God never tells us to live in a superficial tranquility. He never lets us be comfortable evading issues just to “keep the peace.” He never allows us to avoid confronting sin for the sake of some superficial truce. Biblical peace conquers error and confronts sin in pursuit of true peace. Biblical peace is the peace that exists after a struggle has been resolved.
This is how Jesus made peace. Jesus was the greatest peacemaker to ever walk this earth. He came into the world to offer peace with God. And at the same time, He disturbed the population of Israel so deeply that they turned against Him and executed Him. He said of His ministry, “Do not think that I came to bring peace on the earth. I did not come to bring peace but a sword” (Matthew 10:34).
Before peace can come, the sword has to fall. Jesus was saying this: If you’re in the house of unbelievers and you’re a believer, as soon as you say, “I have committed my life to the Messiah, Jesus Christ,” you’re going to have some instantaneous conflict.
The confrontation is necessary. The unmasking of sin is necessary. The message of the saving gospel of Jesus Christ must be given, even if it brings division, because the only peace that will satisfy God is that peace that comes after confrontation.
We do not abandon truth. We do not abandon doctrine. We do not abandon conviction. We do not abandon principle. We do not cry peace where there is no real peace. Just living your godly life in your home or your school or your work environment is a disruptive reality, because you’re confronting the sin of the people around you. But this confrontation will bring real peace to those who repent and believe the gospel.
The Christian who enters conflict for the truth, willingly combating error, confronting lies, pointing out heresy, is not a warmonger. He is a true peacemaker, because he is working toward the only peace that God recognizes. He seeks a peace that demands truth.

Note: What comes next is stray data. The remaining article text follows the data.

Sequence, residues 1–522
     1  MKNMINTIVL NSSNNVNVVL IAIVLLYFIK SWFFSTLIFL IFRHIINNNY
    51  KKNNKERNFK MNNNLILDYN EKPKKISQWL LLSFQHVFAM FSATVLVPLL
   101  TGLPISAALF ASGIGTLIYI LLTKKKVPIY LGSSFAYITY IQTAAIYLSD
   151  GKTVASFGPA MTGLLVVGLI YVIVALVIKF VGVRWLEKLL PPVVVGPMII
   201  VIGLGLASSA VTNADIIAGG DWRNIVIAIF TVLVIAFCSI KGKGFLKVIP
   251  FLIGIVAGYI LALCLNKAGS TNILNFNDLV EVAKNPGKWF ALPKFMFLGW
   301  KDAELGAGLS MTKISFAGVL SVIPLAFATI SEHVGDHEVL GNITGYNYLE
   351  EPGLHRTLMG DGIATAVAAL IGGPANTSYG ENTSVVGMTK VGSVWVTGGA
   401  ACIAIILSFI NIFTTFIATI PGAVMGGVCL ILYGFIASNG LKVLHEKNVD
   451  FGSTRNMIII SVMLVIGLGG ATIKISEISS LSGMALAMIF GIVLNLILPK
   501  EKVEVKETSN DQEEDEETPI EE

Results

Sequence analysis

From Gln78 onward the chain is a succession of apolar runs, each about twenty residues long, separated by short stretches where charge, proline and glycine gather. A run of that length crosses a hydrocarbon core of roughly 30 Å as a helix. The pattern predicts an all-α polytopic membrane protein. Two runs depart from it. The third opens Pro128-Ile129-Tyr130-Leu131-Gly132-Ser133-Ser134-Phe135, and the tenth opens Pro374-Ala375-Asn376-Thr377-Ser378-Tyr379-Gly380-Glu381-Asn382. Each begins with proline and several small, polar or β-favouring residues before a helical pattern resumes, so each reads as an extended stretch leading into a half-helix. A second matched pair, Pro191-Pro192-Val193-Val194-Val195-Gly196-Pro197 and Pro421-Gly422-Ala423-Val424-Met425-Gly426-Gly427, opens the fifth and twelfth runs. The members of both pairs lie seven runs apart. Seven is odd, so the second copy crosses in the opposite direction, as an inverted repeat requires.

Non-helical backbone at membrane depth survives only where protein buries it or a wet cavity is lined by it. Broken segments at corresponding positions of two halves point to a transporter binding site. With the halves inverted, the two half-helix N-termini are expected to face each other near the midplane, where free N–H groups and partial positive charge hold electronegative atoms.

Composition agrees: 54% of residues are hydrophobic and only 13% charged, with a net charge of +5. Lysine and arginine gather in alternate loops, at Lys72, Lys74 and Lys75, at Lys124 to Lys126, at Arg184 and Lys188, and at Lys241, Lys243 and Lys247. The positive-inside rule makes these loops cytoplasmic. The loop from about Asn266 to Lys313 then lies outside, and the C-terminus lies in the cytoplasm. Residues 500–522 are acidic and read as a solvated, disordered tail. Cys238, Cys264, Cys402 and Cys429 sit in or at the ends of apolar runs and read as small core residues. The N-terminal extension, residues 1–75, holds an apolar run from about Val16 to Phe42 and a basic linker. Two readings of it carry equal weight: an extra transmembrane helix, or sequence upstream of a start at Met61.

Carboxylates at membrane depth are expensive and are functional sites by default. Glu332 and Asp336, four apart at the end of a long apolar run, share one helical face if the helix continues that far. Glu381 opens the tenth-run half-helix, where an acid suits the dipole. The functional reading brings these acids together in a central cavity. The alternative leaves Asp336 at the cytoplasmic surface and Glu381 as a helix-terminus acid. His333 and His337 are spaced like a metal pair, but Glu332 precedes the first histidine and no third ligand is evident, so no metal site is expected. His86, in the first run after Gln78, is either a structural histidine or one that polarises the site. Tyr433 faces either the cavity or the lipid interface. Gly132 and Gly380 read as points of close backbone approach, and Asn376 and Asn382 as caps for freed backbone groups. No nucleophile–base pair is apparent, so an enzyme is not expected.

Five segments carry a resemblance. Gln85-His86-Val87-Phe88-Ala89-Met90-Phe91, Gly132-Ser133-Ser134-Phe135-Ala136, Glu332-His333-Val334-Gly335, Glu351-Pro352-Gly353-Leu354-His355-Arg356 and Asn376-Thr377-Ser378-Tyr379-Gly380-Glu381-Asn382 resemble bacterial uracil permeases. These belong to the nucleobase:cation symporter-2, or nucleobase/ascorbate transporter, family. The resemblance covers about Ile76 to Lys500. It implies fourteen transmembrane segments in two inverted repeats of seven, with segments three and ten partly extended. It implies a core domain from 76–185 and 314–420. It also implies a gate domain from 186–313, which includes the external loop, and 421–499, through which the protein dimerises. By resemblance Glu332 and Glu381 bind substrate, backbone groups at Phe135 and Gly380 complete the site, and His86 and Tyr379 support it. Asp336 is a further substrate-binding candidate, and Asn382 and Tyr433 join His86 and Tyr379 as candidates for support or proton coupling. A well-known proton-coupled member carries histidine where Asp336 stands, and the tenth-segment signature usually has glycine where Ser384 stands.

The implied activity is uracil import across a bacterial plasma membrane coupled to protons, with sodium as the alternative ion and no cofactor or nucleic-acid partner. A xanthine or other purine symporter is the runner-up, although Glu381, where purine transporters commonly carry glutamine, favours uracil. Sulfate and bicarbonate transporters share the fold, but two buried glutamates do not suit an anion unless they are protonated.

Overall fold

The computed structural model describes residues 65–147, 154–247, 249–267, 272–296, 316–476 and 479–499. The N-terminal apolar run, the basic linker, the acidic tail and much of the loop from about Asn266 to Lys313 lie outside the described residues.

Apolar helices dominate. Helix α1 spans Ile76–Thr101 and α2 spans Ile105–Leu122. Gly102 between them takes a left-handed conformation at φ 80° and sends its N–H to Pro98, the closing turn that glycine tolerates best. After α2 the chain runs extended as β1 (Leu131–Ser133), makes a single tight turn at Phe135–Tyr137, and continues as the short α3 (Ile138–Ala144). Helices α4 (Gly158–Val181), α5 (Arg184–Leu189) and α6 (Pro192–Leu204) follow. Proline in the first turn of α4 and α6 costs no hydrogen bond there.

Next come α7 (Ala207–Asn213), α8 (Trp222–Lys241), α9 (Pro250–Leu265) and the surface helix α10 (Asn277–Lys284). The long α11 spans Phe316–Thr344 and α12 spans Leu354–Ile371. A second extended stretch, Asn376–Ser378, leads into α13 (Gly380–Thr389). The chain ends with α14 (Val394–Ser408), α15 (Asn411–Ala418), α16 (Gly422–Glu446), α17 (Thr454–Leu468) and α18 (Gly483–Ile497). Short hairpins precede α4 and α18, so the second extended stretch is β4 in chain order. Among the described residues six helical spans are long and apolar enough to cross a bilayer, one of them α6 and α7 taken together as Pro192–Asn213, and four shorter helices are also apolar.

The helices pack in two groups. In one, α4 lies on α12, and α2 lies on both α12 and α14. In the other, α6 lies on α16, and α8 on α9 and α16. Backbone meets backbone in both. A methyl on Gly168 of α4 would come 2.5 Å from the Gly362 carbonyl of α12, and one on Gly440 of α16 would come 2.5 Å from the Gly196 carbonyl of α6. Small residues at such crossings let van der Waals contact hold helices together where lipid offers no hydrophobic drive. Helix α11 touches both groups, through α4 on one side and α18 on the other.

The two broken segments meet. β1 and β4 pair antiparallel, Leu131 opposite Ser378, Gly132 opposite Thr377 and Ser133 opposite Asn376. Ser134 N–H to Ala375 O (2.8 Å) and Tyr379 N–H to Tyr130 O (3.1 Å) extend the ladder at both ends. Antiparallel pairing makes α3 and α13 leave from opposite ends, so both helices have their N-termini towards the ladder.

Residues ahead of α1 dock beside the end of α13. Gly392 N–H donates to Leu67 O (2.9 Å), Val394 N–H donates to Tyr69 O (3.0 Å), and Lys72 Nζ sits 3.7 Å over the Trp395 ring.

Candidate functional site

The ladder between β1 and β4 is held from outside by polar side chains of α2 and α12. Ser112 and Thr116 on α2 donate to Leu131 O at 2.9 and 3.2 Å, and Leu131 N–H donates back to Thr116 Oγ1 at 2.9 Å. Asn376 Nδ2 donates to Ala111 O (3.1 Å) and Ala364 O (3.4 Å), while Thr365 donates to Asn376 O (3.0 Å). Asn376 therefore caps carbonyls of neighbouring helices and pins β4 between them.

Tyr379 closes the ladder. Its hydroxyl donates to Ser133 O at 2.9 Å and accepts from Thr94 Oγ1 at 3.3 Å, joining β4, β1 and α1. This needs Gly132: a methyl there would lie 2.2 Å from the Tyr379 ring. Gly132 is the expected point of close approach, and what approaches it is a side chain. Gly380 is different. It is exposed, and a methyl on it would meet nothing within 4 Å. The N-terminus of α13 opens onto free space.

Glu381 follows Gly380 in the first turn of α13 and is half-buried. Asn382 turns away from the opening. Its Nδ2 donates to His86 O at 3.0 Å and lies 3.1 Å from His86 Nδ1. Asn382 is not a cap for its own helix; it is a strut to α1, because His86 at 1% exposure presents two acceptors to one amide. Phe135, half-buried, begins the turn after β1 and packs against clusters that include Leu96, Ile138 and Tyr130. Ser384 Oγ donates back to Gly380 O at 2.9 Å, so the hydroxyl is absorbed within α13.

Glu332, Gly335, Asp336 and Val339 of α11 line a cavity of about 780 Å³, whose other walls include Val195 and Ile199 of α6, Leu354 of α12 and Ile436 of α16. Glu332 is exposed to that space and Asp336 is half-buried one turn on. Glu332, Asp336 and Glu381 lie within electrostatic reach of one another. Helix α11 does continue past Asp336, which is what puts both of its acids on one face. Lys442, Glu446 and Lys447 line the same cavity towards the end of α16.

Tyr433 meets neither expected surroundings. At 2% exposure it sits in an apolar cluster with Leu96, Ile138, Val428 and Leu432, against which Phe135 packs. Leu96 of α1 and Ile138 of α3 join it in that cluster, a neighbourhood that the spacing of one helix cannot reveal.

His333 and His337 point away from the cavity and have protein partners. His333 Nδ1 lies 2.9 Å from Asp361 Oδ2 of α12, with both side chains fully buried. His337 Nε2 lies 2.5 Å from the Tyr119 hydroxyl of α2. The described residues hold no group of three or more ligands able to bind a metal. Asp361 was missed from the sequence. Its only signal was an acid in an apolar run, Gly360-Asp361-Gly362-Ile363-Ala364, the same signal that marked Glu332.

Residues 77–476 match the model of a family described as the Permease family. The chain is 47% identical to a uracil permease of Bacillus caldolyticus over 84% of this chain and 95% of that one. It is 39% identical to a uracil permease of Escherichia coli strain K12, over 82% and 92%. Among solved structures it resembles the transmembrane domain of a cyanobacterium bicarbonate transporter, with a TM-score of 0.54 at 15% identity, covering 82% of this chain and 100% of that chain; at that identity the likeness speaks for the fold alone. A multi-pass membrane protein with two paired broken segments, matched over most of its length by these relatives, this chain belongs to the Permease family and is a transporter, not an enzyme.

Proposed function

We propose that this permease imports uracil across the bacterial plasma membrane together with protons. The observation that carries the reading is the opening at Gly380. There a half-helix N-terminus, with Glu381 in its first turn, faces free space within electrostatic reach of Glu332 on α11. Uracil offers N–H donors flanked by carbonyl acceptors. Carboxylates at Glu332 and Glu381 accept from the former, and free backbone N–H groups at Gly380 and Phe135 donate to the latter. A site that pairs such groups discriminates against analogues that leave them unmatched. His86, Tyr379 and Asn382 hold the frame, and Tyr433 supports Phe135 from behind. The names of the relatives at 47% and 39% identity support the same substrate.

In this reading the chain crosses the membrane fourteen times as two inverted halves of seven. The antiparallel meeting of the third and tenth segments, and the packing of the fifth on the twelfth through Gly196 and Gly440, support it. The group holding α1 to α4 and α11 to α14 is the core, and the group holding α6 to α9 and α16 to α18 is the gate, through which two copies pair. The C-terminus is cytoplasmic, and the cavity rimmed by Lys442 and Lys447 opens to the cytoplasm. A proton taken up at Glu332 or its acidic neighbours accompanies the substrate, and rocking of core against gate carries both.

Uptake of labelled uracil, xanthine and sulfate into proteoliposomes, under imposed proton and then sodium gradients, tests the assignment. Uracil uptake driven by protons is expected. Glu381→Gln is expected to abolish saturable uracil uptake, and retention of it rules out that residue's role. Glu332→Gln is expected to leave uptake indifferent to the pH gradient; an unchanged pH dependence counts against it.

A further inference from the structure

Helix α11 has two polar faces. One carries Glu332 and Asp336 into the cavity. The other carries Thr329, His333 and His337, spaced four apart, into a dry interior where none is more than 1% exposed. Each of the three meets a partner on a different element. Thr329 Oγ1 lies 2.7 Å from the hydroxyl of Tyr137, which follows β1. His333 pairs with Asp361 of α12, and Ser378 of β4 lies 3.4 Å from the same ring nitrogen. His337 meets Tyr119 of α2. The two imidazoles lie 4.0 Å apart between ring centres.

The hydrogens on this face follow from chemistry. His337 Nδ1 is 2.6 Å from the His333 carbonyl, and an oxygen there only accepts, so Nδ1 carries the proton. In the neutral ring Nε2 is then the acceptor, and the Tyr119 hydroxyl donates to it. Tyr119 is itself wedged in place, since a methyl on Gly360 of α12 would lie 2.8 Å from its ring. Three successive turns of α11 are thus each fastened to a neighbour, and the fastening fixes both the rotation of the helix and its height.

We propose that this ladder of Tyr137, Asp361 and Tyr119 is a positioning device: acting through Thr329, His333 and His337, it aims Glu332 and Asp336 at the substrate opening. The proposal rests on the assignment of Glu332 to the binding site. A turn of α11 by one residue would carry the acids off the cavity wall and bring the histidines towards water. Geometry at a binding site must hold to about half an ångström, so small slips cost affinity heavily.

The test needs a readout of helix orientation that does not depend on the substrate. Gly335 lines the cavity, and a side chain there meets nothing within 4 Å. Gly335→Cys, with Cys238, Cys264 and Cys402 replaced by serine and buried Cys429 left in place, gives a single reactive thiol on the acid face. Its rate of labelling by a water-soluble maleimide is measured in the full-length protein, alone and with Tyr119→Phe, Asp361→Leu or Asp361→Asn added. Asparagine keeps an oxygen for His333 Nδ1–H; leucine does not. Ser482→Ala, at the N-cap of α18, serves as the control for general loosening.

And who is the source of this peace?
Because mankind has no peace within itself, it must come from the outside — from the God of peace (1 Corinthians 14:33). All true peace has Him as its source. Peace resides in God as an essential part of His nature. When God came into the world as a man, this is what the angels announced:
Glory to God in the highest,
And on earth peace among men with whom He is pleased. (Luke 2:14)
It is by the death and resurrection of Jesus Christ that sinners can enjoy peace with God (Colossians 1:20). You can’t have peace in your heart or anywhere else until you know the God of peace through the peacemaker, Jesus Christ.
And those who do know Him have become ambassadors of this peace. We are the spiritual peace corps. We are the only peacemakers on the face of the earth. And those who hear our message and believe it understand that we are the peacemakers, and they join us to become part of the peace corps.
The blessing we receive by being peacemakers is a great privilege: the right to be called sons of God. By spreading peace, we reflect the very character of God and demonstrate the fact that we are His children.
When you see someone’s child, you think, “Ah, I know whose son that is. He bears a resemblance to his father.” In the same way, peacemakers resemble their spiritual Father, the God of peace. What a tremendous honor — that God gives us the ability to reflect His character as sons and bring His peace to a troubled world!
But of course, being this sort of peacemaker in the world will put us in the path of conflict and persecution. We will talk more about that next time.
This blog post is based on Dr. MacArthur’s sermon “The Only Way to Happiness: Be a Peacemaker,” originally preached in 1998.